The Sudden, Historic Dominance of Jake Arrieta

Those subtle changes have paid off in a big way. In 2014, Arrieta grew into one of the best pitchers in the league, posting a strikeout-to-walk rate of better than 4-to-1 and allowing a ludicrously low five homers in 156.2 innings. Hitters couldn’t do anything with his slider (.191 batting average, .274 slugging) or his curve (.152/.229) that year.

Somehow, it was all just a prelude for the destroyer of worlds he’s become in 2015. The final step in Arrieta’s progression was to coax better results out of his sinker, which began to rival what he was doing with his nasty breaking pitches. After batting .276 against his sinker last year, opponents have hit just .199 against it in 2015. This was the culmination of Arrieta’s trifecta of velocity, command, and movement: He could now put that pitch just about anywhere he wanted at any time, the same way he commanded his devastating slider and curve. The result was a spike in Arrieta’s ground ball rate to 56.2 percent, the highest mark of his career and the third-highest among qualified NL starters.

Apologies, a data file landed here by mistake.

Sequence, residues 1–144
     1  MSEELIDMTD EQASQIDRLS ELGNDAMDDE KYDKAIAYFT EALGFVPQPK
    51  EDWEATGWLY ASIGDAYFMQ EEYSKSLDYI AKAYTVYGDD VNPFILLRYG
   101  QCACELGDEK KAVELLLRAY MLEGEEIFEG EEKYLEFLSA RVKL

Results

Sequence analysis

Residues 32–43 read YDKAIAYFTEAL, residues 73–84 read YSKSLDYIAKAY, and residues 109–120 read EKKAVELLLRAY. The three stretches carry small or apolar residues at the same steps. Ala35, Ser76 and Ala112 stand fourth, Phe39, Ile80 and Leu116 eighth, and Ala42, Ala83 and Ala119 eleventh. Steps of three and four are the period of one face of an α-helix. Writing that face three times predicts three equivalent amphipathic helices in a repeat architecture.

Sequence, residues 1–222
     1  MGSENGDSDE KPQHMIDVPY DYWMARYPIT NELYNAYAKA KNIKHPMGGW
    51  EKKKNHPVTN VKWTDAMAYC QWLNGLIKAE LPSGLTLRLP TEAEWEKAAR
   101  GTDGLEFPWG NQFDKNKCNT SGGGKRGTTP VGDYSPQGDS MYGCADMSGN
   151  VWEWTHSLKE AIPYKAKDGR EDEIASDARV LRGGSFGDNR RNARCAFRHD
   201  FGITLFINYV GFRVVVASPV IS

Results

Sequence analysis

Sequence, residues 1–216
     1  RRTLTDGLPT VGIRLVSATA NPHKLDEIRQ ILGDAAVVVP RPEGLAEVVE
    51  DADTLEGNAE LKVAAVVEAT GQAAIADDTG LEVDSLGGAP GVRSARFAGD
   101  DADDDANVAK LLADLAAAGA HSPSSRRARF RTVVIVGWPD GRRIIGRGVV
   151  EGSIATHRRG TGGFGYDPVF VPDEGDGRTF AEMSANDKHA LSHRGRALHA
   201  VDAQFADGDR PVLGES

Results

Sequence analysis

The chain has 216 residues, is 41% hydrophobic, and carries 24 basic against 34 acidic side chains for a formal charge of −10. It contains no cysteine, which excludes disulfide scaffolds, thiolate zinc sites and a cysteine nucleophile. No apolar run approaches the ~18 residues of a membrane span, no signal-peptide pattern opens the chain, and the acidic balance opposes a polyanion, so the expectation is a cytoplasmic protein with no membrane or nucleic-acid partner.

While it’s hard enough for opponents to crack any of Arrieta’s pitches for hits, little damage has been done even when hitters do make contact. They slugged just .277 against his sinker this year … and that was the highest slugging percentage they could muster against any of his three primary pitches.

The rest of the story is one of pure dominance. But just how dominant has Arrieta been, historically?

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There was Sandy Koufax, whose final eight regular-season appearances in 1965 yielded 54 innings, a 1.17 ERA, and a perfect game; he followed that by allowing one earned run in 24 World Series innings, including a series-clinching three-hit shutout in Game 7 on three days’ rest. There was Bob Gibson, who put up an 0.96 ERA in his final five starts of the 1967 season, then beat the Red Sox three times in the World Series, allowing three runs in 27 innings pitched. There was Orel Hershiser, who closed the 1988 regular season with a 59-inning scoreless streak, then won NLCS and World Series MVP honors, going 3-0 with a save and allowing five earned runs in 42.2 innings pitched.

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